So, the question is: which are the two (“designed to excite prurient interest”)?

    My votes are BREAKAWAY and COSMIC RAY. Both of these enmesh eroticism with an ecstatic mystical dimension. COSMIC RAY, of course, also has a strong element of social critique, and you’ve made a strong case for this in BREAKAWAY, too, in how it serves as vessel for Toni Basil’s persona and voice. VIVIAN also mixes eroticism and critique (in this case, of the art world). From a perspective which is admittedly male, my take is that all these elements fuse, and are reconcilable in Conner’s incredibly complex work.

    In other words, when you say “part of Conner’s brilliance is that he evades literal readings and makes you the viewer do the work”, again, you are dead on. My suspicion is that — however opposed our views are — we are both to some extent accurate. Conner’s work has that kind of inexhaustible Largeness.

    I’ll be interested to hear your response to the interview in Canyon Cinema. What Conner has to say there definitely adds to the complexity and ambiguity one sees in his work — he has some scathing comments re. San Francisco PC culture, for example…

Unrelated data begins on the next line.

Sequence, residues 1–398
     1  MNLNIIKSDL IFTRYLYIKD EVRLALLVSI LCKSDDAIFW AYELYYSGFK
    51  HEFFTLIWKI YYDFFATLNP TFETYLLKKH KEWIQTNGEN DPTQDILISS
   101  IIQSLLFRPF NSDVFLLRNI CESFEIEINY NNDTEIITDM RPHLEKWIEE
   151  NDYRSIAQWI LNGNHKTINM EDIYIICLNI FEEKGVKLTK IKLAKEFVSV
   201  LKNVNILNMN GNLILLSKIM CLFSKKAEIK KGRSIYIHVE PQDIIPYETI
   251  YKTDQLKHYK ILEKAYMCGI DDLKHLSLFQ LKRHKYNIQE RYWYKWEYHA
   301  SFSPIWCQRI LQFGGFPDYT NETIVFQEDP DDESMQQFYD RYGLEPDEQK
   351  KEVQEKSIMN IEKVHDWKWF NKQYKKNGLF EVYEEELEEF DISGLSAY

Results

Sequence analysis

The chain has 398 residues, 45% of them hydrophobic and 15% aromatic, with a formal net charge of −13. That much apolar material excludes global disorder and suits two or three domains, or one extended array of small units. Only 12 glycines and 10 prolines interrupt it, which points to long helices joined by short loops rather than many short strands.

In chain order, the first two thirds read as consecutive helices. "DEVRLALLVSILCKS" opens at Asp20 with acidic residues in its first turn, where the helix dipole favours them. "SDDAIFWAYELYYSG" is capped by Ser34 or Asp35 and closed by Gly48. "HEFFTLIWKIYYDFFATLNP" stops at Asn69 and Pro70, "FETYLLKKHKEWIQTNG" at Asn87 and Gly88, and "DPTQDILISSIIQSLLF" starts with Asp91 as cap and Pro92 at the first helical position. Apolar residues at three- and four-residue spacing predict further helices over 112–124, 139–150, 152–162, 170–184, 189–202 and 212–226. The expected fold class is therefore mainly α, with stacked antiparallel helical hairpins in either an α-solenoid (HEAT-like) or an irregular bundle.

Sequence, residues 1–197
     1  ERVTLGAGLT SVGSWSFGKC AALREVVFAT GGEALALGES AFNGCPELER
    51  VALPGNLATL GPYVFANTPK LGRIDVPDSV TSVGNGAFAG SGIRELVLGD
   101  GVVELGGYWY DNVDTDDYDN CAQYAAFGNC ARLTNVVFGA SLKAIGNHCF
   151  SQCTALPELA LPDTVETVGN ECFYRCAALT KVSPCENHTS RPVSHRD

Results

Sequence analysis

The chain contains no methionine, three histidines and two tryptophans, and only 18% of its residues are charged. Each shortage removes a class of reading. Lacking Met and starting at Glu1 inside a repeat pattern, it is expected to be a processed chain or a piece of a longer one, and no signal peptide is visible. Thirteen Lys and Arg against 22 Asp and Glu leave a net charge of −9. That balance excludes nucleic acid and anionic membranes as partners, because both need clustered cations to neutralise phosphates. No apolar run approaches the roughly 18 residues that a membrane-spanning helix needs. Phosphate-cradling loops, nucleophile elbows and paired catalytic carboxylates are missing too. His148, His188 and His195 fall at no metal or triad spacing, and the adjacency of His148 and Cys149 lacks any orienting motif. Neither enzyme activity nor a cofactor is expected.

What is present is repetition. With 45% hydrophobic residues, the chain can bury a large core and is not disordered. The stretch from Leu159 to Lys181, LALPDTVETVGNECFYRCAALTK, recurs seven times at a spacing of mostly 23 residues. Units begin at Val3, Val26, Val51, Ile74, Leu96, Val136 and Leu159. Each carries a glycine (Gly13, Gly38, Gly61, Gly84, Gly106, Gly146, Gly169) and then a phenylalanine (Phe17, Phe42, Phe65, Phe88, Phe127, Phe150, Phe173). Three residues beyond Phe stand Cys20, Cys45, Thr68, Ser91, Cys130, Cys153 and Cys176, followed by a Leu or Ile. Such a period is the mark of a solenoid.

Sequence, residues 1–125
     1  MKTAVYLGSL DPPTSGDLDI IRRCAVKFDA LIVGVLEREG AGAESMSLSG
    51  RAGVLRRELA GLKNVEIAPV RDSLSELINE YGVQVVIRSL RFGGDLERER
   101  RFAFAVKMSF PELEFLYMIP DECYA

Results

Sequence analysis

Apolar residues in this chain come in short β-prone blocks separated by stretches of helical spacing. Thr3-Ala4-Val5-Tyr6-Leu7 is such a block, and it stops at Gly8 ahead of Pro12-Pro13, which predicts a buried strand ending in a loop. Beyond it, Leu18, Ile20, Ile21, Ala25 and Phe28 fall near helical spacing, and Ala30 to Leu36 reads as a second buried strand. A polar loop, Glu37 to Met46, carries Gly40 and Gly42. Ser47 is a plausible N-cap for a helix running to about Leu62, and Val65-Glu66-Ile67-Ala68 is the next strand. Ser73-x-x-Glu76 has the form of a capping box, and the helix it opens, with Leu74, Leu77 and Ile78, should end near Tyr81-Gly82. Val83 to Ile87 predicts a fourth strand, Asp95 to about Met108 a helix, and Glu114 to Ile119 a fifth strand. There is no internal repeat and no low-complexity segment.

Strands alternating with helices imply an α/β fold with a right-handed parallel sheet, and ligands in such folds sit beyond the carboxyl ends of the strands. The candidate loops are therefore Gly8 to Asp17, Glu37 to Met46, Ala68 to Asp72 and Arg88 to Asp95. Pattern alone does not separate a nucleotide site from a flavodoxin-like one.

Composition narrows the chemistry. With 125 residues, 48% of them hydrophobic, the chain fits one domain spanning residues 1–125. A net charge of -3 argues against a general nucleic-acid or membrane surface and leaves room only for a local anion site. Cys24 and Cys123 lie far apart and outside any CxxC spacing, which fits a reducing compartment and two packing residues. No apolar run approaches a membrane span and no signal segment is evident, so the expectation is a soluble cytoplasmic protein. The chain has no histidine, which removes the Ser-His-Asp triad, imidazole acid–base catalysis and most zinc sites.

• So, this is a very interesting quote that you leave us with Brecht, and although I am loathe to comment on it without reading the entire interview (which I will do stat) I have to believe that the quote is both true and not true. True in the sense that it is impossible to watch MARILYN TIMES FIVE without being excited “pruriently,” but untrue in that the film is a deliberate, exacerbated construct female sexuality. He makes it so pleasurable that after the third, fourth, and fifth time watching her roll around in front of the close-up, her objectification becomes uncomfortable to watch (at least it does for this feminist). He toys with the viewer, exciting him while also suggesting that this woman’s every gesture and pose is entirely constructed for the “male” gaze and for the camera. She is the classic commercial seductress who entices you to forget that she is also trying to sell you that bottle of coca-cola gingerly propped up in her cleavage. Moreoever, the “unreal” becomes hyperbolized. It is not Marilyn that we see, though she is a dead ringer; it is a Marilyn imposter who proffers one product after another. Thus the “unreal” gets multiplied and layered. She is an agent of American advertizing: unreal female figure + unreal marilyn = exaggerated form of American commerce. Two untruths equal a truth. I have to read that comment with irony, as I believe he would want you to read it. But again, part of Conner’s brilliance is that he evades literal readings and makes you the viewer do the work.